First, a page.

On a regular basis we are finding these little hidden gems in the Affordable Care Act that no one is talking about. For example, the requirement for businesses with HRA’s set up to help their employees with health care costs to file IRS Form 720 by July 31, 2013, and pay $1 per each employee in additional tax for establishing this employee benefit.
Or how about this one: one of the concepts behind the health care act was that by establishing exchanges small businesses could shop for competitively priced insurance. Great idea, but on April 3rd the administration announced that for 2014 only 1 insurer would be allowed in the exchange for small businesses this somewhat destroys the competition idea!
Or there is always the small business health care credit. When included in the 2010 affordable care act, it was touted as the solution for small business employers to provide health insurance to employees by receiving a 35% federal tax credit. Sounds good doesn’t it and it sure continues to get a lot of press. The reality came to light in May when the IRS announced that less than 5% of the estimated credits had actually been used. The reason is simple the calculation of the credit is so incredibly complex that when combined with the fact that no credit is available for business owners, their family, or highly paid employees and that the cost of accumulating the information far exceeds the amount of the credit just ask any small business tax professional. If you doubt this, just click here for some proof!
The above credit is supposed to increase to 50% in 2014. Now on paper that also sounds good and overcomes some of the previous cost/benefit arguments. However, what is not being mentioned is the fact that to get the 50% credit, the business must cancel their existing insurance and buy new insurance from the exchange in 2014! Yes, that would be the exchange that now only has 1 non-competitive insurance provider!
Many of us have recommended and continue to recommend a special fringe benefit to our clients known as the Health Reimbursement Arrangement (HRA). This fringe benefit is particularly useful now for all employees and for many small businesses as a result of the Affordable Care Act (ACA).
For example, an employee now needs to exceed 10% of AGI in most cases to have deductible medical expenses, and at that level they still need to make enough income to then pay 30-40% of it out in various federal, FICA and state income taxes in order to have the money left to pay the medical expenses. This means that most Americans do not qualify for any medical deduction at all; and even if they do, they all are using after-tax money.
A simple solution that we have recommended for years has been for an employer to establish an HRA. The HRA works for even the smallest sole proprietorship in many cases, but that discussion is best left to another day. Suffice it to say the HRA was and still is one of the absolute best health care and tax planning tools available today.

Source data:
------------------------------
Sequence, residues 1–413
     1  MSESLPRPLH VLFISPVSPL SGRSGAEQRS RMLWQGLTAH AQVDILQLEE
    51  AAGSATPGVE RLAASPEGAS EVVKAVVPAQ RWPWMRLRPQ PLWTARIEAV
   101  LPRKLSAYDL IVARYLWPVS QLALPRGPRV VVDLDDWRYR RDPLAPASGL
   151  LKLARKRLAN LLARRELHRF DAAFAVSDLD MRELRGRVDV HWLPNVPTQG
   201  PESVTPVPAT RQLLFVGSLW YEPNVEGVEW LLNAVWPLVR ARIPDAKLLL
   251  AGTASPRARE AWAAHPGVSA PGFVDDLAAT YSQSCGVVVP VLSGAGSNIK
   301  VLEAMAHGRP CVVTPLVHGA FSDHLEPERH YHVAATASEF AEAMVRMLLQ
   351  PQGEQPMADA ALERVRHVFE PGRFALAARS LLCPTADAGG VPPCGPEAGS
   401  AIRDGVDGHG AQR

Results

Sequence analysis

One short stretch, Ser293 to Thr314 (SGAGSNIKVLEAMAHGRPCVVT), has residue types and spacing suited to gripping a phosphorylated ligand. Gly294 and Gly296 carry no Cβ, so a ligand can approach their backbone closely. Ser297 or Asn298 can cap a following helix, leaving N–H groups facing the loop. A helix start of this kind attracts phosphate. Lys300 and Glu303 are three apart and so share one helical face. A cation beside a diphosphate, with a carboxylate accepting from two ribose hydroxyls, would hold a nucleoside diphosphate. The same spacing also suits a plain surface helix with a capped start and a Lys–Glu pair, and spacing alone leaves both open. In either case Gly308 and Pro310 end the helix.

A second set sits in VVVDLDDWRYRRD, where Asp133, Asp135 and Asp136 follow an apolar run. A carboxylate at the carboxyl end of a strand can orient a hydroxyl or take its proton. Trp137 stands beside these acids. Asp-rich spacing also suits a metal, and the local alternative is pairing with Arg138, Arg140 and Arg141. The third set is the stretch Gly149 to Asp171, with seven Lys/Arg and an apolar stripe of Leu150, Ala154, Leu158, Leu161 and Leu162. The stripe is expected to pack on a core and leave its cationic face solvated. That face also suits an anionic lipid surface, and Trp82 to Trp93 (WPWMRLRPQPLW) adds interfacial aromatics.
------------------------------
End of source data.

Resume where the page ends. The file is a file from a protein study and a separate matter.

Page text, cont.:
The problem is one that was hidden deep in the 2,700 pages of the ACA. An HRA generally must file a Form 720 excise tax form and pay a fee by July 31, 2013. As a result of a provision of ACA known as the Patient-Centered Outcomes Research Institute Fees (PCORI), most insurers and self-insurers will have to pay an annual $63 reinsurance fee to this institute, per covered employee. This is not the fee we are talking about in this alert although a few of you have heard of this fee.
What we are alerting everyone to is the other hidden research fee that requires small businesses to file Form 720 and pay $1 per covered person by July 31, 2013 using IRS Form 720. Hidden in the 12/5/2012 final regulations from IRS is the provision applying the $1 per employee research fee and the Form 720 filing requirement to most HRA employer-sponsors.
Here is the summary: Although a few employers may have both an HRA as well as a self-insured general health insurance plan and are not subject to this additional special research fee, our clients generally do not offer self-insured health insurance plans. The bad news is that very few, if any, clients are self-insured for general medical insurance purposes. Our clients purchase conventional insurance from insurance companies and are subject to the additional special research fee if they sponsor an HRA. Therefore most if not all of our clients are businesses that are required to pay the research fee directly to the institute if they maintain a normal HRA as well as a conventional group insurance plan. (And yes, this means that these employers may be paying both the $63 per employee reinsurance fee to the health insurer as well as the $1 per employee research fee to the institute.)
So how is the fee paid? Using Form 720, the employer is required to file the form for plan years ending on or after October 1, 2012 by July 31, 2013! Do you want even more bad news? It goes to $2 per head next year. When preparing Form 720, enter the number of covered employees calculated in the 720 instructions in Part II at Code 133 as applicable self-insured health plans; multiply by $1 each, and file and pay by 7/31/2013.
Is there any more bad news? Yes if the employer sponsors a health flex spending account, it is required to pay the $1 per person fee on Form 720 as well, unless the flex account is limited to dental, vision, etc.
Is there any good news here? Yes. If your HRA only reimburses for dental, vision, accidents or a few other obscure items, your HRA is considered to consist solely of “excepted benefits” and is not subject to either the $1 per head research fee or the $63 per head reinsurance fee. The same is true for the health FSA.
Accurate and timely tax planning is more important than ever. Don’t hesitate to contact us for help.
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